IN RE THE OCTAVIA
14 U.S. 20 (1816)

Annotate this Case

U.S. Supreme Court

IN RE THE OCTAVIA, 14 U.S. 20 (1816)

14 U.S. 20 (Wheat.)

The Ship Octavia.-NICHOLLS et al., Claimants.

February 13, 1816

APPEAL from the decree of the circuit court for the Massachusetts district, affirming the decree of the district court, condemning said vessel.

This ship was seized in the port of Boston, in October, 1810; and the information alleges, that the ship, in March, 1810, departed from Charleston, S. C., bound for a foreign port, to wit, Liverpool in Great Britain, with a cargo of merchandise on board, without a clearance, and without having given the bond required by the Non-Intercourse Act of the 28th of June, 1809, ch. 9. s. 3. The claimants admitted, that the ship proceeded with her cargo (which consisted of cotton and rice) to Liverpool; but they alleged, that the ship originally sailed from Charleston, bound to Wiscasset, in the District of Maine, with an intention there to remain, until the Non-Intercourse Act should be repealed, and then to proceed to Liverpool. That by reason of bad winds and weather, the ship was retarded in her voyage, and on the 10th of May, 1810, while still bound to Wiscasset, she spoke with a ship from New-York, and was informed of the expiration of the Non-Intercourse Act, and thereupon changed her course, and

Page 14 U.S. 20, 21

proceeded to Liverpool. The manifest states the cargo to have been shipped by sundries, consigned to Mr. P. Grant, Boston.

The Attorney General and Law argued the case for the appellees on the facts, and cited the case of the Wasp,a which was an information under the same section of the same act. They contended, that the burthen of proof was thrown upon the claimant, inasmuch as the law requires a bond to be given, if the ship was bound to a port then permitted, conditioned that she should not go to a prohibited port.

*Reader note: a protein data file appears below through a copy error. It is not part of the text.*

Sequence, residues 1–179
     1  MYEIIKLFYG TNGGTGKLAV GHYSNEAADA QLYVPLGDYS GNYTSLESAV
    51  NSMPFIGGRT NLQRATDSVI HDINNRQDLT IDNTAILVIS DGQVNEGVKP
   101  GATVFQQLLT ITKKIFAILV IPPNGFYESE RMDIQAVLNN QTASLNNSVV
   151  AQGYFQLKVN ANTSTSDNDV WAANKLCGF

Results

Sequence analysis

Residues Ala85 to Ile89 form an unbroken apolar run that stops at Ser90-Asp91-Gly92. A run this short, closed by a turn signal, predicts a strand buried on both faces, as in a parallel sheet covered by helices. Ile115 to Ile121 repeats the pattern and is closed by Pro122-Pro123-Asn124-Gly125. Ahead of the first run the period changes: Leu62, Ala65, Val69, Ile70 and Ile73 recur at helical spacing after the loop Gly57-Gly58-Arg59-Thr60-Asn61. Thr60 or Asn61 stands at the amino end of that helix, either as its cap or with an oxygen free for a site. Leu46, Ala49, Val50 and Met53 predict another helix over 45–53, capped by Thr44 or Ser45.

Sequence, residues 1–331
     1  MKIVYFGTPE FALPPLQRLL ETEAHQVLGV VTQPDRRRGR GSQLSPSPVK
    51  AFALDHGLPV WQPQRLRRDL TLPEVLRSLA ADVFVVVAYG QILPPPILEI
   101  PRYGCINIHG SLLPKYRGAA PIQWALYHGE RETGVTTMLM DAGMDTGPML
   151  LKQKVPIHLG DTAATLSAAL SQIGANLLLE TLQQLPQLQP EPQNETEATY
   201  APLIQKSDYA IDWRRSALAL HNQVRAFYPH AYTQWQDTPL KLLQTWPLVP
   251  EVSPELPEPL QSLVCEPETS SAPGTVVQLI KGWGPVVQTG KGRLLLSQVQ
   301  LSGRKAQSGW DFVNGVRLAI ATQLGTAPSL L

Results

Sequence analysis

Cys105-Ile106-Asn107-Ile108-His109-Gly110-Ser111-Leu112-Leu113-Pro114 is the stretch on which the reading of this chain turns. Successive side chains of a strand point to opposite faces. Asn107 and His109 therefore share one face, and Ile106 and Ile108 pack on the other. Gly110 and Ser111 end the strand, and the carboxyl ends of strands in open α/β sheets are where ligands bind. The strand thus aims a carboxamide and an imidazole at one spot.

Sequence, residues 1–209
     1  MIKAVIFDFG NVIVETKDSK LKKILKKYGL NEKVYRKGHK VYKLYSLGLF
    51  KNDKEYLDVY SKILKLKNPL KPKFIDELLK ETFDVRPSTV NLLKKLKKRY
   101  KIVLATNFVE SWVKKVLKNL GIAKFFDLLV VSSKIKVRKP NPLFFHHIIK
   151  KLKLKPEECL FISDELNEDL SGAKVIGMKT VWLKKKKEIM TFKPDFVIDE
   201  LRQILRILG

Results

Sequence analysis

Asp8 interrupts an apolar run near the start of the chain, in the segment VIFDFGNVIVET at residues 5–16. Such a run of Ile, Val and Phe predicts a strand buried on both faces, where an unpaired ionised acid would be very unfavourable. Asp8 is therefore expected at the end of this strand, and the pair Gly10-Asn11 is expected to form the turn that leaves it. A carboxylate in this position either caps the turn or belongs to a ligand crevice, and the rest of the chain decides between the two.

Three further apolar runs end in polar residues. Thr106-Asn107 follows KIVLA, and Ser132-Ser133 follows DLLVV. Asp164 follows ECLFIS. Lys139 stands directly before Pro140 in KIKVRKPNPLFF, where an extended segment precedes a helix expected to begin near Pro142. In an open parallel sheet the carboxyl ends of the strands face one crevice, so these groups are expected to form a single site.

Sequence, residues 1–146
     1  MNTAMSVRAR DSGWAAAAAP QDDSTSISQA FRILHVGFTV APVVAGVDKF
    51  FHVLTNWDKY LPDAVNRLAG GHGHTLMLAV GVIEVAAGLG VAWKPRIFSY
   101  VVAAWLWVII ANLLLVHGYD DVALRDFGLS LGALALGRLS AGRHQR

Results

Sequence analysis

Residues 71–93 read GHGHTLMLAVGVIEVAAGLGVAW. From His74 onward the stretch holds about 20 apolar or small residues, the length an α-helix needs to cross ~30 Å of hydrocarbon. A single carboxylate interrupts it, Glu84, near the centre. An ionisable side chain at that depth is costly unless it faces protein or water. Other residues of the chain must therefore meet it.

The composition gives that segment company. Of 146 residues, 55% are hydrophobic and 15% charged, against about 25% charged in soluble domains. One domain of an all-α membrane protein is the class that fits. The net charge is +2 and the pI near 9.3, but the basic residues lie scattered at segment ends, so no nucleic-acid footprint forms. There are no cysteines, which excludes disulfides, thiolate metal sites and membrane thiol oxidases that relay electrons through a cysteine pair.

Dexter, for the appellants and claimants, stated, that the suit was not founded on the same act with that in the case of the Samuel;b but that the same objection existed as to the form of the process. It is true, the Judiciary Act of the 24th of September, 1789, c. 20. s. 9., has declared, that certain causes shall be causes of admiralty and maritime jurisdiction, but it does not, therefore, follow, that a forfeiture created by a new statute shall be enforced by the same process. The arguments urged against it in the cases subsequent to that of the Vangeance,c have always been answered by the mere authority of that case. But the decision in that case ought to be re-examined, because it affects the right of trial by jury, and because the argument was very imperfect. The word 'including,' in the judiciary act, ought to be construed cumulatively. It provides, that the district

a 1 Gallison, 140.

b Ante, p. 9.

c 3 Dall. 297. [14 U.S. 20, 22]


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